Thomas Sterling Speaks to the Future of HPC

By Christopher Lazou

June 9, 2006

At the recent NEC User Group meeting in Toronto Canada, Thomas Sterling gave a keynote address to share his thoughts about some of the key challenges facing the high performance computing community. At the event, contributing editor Christopher Lazou caught up with Sterling, where they discussed these challenges and talked about some possible solutions.

Lazou: Thomas, it's good that you can spare some of your valuable time to talk to me. We meet again this time at the annual NEC users group meeting, this year in Toronto, Canada, with an eclectic group of users of true supercomputing. As a keynote speaker, you are the man of the moment. Glancing at your many hats you wear, one can see you have a number of important roles and long experience in computer architecture research, so lets briefly discuss some of the burning issues concerning HPC and in the process try to gain an insight of your views and share them with the HPC community.

Last year you moved to LSU as Professor at the Department of Computer Science focusing on HPC systems architecture research. Can you briefly describe the key areas of research your team is concentrating on? Would this work be of benefit to HPC in the short term or is it blue-sky research?

Sterling: We are currently exploring key challenges of a new class of computer architecture to confront efficiency, scalability, power and reliability. This requires a paradigm shift of execution and programming models. There is a desperate need for intrinsic latency hiding mechanisms to be incorporated in the infrastructure of programming and runtime resource management.

We are developing a new model for computing called “ParalleX”, extending our earlier work in processor in memory (PIM), and combining these with new work in static dataflow to provide a new class of architecture that adaptively responds to variations in temporal locality. The short-term impact is that the execution model has a spin off of a programming methodology that can operate on conventional architecture. It should improve latency hiding and scalability. In some small way, this work is already influencing projects sponsored by the DoE, as part of the Fast OS project and by the NSF project (NGST).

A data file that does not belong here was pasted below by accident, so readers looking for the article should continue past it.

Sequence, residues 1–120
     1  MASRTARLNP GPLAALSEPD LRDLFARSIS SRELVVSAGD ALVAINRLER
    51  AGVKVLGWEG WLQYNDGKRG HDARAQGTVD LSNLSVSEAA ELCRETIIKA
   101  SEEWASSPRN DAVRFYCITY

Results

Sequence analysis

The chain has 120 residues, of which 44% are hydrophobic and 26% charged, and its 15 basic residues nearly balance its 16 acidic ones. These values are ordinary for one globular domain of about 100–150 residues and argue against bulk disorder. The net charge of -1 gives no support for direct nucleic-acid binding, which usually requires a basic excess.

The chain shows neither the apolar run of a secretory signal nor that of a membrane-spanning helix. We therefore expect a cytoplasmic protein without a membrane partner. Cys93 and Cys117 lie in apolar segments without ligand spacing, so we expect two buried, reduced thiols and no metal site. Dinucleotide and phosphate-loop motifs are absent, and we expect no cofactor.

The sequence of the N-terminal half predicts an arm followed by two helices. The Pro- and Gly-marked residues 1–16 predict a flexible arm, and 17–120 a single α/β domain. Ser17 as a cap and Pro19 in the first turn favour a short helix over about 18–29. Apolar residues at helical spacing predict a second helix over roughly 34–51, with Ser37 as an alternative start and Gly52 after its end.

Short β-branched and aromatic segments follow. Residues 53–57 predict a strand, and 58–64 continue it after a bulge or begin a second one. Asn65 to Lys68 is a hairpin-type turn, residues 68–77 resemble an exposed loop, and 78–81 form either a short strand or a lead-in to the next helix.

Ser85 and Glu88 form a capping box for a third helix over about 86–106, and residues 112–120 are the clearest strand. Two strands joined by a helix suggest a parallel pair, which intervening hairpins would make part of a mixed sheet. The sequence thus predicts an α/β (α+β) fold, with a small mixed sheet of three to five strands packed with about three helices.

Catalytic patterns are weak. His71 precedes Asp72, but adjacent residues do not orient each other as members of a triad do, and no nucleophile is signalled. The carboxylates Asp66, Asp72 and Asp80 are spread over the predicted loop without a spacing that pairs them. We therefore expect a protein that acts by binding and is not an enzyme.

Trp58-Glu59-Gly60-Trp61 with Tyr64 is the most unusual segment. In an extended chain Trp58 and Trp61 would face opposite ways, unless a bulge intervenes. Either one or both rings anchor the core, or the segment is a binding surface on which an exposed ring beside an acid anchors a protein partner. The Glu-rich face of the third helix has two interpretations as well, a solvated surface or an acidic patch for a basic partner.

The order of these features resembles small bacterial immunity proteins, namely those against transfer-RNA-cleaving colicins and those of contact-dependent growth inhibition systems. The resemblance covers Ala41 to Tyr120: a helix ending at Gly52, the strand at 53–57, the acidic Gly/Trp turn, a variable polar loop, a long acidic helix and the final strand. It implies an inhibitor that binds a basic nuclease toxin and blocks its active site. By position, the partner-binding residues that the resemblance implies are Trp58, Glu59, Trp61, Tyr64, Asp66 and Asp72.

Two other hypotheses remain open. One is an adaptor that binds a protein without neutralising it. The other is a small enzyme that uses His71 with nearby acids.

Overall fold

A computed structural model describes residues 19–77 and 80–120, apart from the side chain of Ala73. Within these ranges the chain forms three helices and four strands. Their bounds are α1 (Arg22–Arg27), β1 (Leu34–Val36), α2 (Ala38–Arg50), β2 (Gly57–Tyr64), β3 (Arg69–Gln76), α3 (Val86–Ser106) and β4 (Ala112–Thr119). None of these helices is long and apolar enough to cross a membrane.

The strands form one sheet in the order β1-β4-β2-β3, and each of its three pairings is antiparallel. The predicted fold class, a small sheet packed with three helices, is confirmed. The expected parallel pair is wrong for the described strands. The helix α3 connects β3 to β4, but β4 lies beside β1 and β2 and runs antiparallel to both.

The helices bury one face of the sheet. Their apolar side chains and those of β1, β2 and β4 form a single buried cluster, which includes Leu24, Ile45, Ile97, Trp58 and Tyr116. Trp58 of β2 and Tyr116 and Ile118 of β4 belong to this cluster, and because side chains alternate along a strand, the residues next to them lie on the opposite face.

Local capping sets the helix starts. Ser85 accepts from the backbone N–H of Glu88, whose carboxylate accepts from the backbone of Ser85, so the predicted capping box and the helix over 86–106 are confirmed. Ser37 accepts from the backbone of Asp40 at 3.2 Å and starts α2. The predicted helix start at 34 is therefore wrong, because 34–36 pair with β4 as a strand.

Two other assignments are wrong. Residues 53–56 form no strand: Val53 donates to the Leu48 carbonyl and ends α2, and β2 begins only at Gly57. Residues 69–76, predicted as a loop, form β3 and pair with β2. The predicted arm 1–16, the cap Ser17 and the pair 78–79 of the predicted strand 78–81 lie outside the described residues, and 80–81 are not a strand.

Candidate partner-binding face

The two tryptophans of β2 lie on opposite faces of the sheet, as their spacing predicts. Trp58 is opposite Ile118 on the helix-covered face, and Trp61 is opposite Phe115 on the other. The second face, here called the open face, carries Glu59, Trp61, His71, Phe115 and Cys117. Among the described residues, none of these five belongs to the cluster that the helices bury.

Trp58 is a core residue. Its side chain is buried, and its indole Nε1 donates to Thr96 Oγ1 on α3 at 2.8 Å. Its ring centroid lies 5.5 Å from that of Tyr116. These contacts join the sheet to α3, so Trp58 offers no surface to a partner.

Lazou: Is there any Federal investment in innovative high-risk computer architecture R&D?

Sterling: There is very little Federal funding for this type of research activity. There were recently several studies, which concluded that the HPC architecture research pipeline is empty. Examples of such studies include the National Academy of Science report, and the HECRTF and PITAC studies. The possible exception is the DARPA HPCS program, but you asked about “high risk” and it is not clear that HPCS falls in to that category. With respect to my own work that you asked about, I have Federal support for some relevant software projects. And, until recently NASA was sponsoring the hardware research but this funding ended last March. A small system architecture study is underway by NASA in which I am involved, as well. Elsewhere, there is some other good work being supported in FPGA-based computing and work at Stanford, University of Texas, and University of Washington. Hopefully, there will be new energy and direction from the agencies in the near future. Certainly it is in the best interest of their respective missions and that of the nation to reinvigorate such valuable explorations.